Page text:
Match Day Madness

Category: By Christian
I know what you're thinking. You assume that just because I haven't blogged for a few days that I must have spent the past four days on my couch watching basketball, getting up only to eat. That would be what one might call an incorrect conclusions. As has been the case over the past few years, God has set up my schedule in such a way as to remind me that there are more important things in the world than the NCAA basketball tournament. For a couple of years I was on missions trips during this time, and thus unavailable to even fill out a bracket before the tourney started. Last year was the missions trip double play where I was on one as the tournament started, and then my wife was returning to one as the tournament ended. My missing my wife compelled me to turn down a free ticket and hotel room for the national championship game. That's love, baby.

So this year was a little-known event where people's dreams are shattered and realized in front of a live studio audience. Welcome to Match Day. The greatest reality show on earth, and what I was watching as the tournament tipped-off.

Match Day is a huge day in the medical school community. As a fourth year medical student, you have gotten your butt kicked ever since graduating college. You have worked harder than just about any other academic discipline and you are nearing graduation. Following graduation you will enter a residency lasting 3-7 years, depending on your specialty. You have MD after your name, but you need to go through the residency process so that you can have your own practice.

So you apply to different programs. If programs like you on paper, then you are invited to interview with them. Some people interview at 15-20 different programs. It's a courtship that is drawn out and ends with a quirky event that is half love, half arranged marriage.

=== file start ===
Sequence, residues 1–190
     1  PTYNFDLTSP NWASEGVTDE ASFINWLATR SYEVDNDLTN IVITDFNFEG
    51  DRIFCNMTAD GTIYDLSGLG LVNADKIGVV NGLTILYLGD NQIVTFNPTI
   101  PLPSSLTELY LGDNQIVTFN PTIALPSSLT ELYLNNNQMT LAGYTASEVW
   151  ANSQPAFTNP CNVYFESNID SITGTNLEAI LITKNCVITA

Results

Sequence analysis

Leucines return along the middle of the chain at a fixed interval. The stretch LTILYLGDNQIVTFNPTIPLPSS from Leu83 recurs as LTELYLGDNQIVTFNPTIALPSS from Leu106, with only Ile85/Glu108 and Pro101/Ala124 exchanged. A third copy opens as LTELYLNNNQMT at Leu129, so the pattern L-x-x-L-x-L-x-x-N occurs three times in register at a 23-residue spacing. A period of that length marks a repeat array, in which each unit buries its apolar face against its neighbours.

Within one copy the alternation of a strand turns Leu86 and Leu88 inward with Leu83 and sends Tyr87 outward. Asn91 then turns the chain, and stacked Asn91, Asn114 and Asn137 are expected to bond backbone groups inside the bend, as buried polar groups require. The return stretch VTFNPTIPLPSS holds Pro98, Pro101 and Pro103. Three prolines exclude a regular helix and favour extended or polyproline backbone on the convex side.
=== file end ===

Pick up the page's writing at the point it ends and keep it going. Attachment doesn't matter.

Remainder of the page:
Once you have gone through all of your interviews, you submit your "rank list" which is a list of the programs you wish to get into in the order which you like them. They programs then submit their own rank list of the people they interviewed in the order which they like them. All of the numbers then go into a computer and it spits out a list of which students are matched with which program. The crazy part is that this system is the only way to get a residency if you are an MD, and you are contractually obligated to honor your match.

By far the zaniest part of the match is how you find out. At 11am on a predetermined date in March each year, the matches are released. At many medical schools, Match Day ceremonies are held. These ceremonies consist of a big box with all of the student's names in it, a reader and a bunch of envelopes. An announcer draws names out of the box one at a time, and when a student's name is called they move toward the stage. The announcer hands them an envelope with their name on it, they open the envelope and read the contents of said envelope to all of their classmates and guests. This is how each student finds out where they are going for residency.

There is something trippy about watching some dude go to the stage, open his envelope and say "I will be attending Stanford in Neurosurgery". Dang, yo. A brain surgeon from Stanford.

For some this day is mondo stressful. Not so much for the Dashiell fam. Stacy was a competitive candidate in a specialty that isn't the most competitive (all relative to the fact that we're talking about doctors, here). She only applied to three programs, and we had a good idea what was going to be in the envelope. We were right.

Some were not right, however. Stacy has two classmates who are getting married the week before graduation. Their first two choices were a program in KC and a program in Chicago. The one in Chicago was a long shot, so they thought they were staying in KC. Chicago was in the envelope. They now are trying to figure out how to get married, graduate and move to Chicago all in the course of three weeks.

Match Day...It's Faaaaaaannnnntastic.

Oh, and don't cry for me, Argentina. Even though I missed most of the games on Thursday and Friday, I did see Duke go down. I also got to watch basketball all day on Saturday and smoke a mouth-watering pork shoulder. That's what I like to call "having a fantastic wife."

Fair Dinkum

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